Later at dinner, I meet Esley’s father, the shaman. He is quiet but a consistent small smile sits on his face. I observe as Esley ensures his father has all he needs for dinner. It also seems as though his father is short a couple of fingers from which I catch the story of later from Esley. It reflects an almost absurdity of the dangers and beauties of the jungles I am sure not to forget.

I am invited to go on a local collection the next morning that happens only once a year in August on the half moon. At 4am, after a night of vivid dreams I awake feeling the vibration of feet coming up the stairs of the stilted house. “chris, chris” the voice whispers. It is Miguel, a younger community member. Quickly drawing on my pants and rubber boots, we set off meeting two more young men and a wife of one of them with her newborn child. The couple looks like they are in their early 20’s and it strikes fascination in me as I see they share something only known between a new mother and father.

We set out circling ponds where we went crocodile night watching the night before. Crocodile eyes reflect red in the light allowing one to see them at night when just their eyes lie over the surface. We come to a low point where just a log sits above the surface leading to the other side. Trying to gain my senses as quickly as possible, I hope all those childhood games of walking a line on curbs trying not to fall into the pit of make believe lava or alligators pays off. Crossing the channel without mishap or surprise, we make our way to a giant ant colony. They quietly proceed to rip up clothing, wrapping them around sticks and dipping them in oil to make torches. We surround the colony and wait.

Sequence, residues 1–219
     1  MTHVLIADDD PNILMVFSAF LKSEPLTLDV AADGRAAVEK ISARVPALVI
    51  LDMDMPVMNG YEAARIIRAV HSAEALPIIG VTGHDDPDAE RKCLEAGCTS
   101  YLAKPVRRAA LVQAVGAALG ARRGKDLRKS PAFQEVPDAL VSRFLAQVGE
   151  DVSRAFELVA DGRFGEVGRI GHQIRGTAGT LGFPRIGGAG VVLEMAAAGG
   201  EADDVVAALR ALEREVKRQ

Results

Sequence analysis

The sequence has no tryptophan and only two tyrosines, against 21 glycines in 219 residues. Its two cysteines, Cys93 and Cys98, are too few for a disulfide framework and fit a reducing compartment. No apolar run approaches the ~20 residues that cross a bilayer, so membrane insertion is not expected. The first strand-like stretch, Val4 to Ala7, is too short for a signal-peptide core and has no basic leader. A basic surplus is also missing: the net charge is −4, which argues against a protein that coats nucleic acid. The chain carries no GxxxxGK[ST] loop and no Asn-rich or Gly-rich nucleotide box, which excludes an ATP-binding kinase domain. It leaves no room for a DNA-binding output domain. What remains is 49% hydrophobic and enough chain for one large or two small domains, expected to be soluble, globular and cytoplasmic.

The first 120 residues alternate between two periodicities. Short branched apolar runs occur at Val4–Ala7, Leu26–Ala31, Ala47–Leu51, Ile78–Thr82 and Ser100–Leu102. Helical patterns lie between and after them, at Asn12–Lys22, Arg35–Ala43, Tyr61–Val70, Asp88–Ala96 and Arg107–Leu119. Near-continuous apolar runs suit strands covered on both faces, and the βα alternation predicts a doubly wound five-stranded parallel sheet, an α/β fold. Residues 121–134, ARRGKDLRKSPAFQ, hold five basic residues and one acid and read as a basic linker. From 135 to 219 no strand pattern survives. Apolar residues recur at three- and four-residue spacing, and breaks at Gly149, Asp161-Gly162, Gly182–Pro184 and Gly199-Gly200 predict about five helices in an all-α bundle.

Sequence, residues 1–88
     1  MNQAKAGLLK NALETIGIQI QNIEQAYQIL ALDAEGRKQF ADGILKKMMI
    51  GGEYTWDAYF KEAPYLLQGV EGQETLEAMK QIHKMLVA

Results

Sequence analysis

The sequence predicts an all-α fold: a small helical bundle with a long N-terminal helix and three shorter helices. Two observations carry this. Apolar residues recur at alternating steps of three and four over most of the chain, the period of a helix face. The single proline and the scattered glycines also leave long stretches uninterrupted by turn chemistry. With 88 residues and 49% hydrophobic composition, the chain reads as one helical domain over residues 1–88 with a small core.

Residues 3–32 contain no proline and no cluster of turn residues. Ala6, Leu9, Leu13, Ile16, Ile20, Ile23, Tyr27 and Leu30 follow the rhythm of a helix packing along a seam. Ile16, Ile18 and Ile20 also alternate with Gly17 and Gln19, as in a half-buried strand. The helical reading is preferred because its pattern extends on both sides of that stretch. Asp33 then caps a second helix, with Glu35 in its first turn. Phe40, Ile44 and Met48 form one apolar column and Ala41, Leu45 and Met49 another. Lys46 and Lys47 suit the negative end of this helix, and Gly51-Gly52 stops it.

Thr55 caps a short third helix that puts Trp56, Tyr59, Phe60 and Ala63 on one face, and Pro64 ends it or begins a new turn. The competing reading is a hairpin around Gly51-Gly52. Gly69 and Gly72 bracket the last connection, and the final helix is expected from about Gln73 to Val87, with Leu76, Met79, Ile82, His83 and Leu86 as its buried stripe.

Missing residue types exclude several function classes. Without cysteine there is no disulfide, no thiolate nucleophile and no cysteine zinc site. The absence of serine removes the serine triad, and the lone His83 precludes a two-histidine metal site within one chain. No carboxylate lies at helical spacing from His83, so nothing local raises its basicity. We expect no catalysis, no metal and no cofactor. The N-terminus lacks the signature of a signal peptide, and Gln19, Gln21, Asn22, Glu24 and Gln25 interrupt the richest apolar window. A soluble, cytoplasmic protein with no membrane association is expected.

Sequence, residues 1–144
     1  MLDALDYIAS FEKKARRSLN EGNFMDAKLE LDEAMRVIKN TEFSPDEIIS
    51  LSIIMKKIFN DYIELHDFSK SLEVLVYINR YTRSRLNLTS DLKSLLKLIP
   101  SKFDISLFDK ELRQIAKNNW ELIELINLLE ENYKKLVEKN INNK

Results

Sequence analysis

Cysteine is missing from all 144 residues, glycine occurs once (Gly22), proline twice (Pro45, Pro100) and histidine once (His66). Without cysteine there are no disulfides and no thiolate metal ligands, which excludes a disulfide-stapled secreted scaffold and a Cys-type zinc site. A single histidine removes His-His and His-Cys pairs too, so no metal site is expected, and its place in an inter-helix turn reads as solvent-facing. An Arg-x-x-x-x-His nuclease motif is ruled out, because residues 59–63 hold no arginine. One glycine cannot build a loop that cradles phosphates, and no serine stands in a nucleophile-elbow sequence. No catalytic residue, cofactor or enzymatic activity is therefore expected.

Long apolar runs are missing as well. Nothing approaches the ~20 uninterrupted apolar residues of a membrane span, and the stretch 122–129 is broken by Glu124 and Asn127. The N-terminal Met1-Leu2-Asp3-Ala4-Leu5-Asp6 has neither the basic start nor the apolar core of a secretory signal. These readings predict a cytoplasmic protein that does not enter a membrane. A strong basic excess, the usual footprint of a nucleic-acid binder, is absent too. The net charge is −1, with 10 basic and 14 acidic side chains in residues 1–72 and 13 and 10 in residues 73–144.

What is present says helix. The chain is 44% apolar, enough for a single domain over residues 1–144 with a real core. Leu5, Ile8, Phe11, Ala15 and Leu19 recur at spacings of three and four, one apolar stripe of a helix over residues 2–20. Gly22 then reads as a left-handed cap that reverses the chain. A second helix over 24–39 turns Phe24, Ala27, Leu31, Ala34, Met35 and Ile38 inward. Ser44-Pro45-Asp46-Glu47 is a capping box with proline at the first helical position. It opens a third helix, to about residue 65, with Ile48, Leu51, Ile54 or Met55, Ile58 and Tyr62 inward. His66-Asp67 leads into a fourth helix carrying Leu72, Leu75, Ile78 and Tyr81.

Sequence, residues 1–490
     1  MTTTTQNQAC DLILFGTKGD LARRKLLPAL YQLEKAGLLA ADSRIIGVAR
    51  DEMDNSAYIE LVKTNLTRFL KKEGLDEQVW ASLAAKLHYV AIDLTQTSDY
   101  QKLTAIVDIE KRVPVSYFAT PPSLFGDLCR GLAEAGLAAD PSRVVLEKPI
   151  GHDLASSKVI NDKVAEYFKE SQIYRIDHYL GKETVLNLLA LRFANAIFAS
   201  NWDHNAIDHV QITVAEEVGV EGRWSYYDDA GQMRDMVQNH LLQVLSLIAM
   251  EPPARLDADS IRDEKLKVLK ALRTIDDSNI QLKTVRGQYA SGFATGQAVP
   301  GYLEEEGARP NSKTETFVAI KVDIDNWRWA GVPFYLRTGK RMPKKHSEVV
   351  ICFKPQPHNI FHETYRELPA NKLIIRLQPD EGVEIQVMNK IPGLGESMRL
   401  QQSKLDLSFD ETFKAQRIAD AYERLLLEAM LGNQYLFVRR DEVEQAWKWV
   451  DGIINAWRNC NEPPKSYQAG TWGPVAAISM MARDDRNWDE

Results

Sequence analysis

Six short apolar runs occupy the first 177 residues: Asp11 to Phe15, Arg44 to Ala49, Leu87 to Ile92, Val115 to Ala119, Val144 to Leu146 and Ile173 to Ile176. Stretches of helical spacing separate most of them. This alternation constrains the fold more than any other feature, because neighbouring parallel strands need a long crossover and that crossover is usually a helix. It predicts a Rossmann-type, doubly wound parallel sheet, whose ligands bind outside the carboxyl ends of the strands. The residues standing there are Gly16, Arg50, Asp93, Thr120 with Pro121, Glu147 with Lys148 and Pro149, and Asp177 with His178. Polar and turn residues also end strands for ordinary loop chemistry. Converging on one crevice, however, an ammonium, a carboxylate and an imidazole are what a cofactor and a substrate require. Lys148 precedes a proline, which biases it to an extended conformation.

The idea is that at this point in the year, the bigger flying ants besides the workers and army ants in the same colony are born to go out and create new colonies. For about a month they fly into the trees at dawn and return in the middle of the night to the mother colony. This will go on until they leave for good. The idea is to wait until the mass exodus around 5:30 when we light the torches. The ants then fly into the fire losing their wings and falling to the ground where after they can be collected for breakfast. Suddenly, “Fuego!” they say in unison as the buzz comes from the ants rising into the air in unison. What commences next is a sight of swarming ants flying into the fire. We then dance for the next three hours as we collect the crawling big ones while trying to avoid the hundreds of others defending their colony.

This was one example of using the local land and knowledge in both the best interest of a community as well as a reusable resource. Can’t say ants make the tastiest of dishes, but an experience to be remembered and used as an example all can learn by. A backyard vegetable garden could be a local start… that is if you don’t live in the jungle.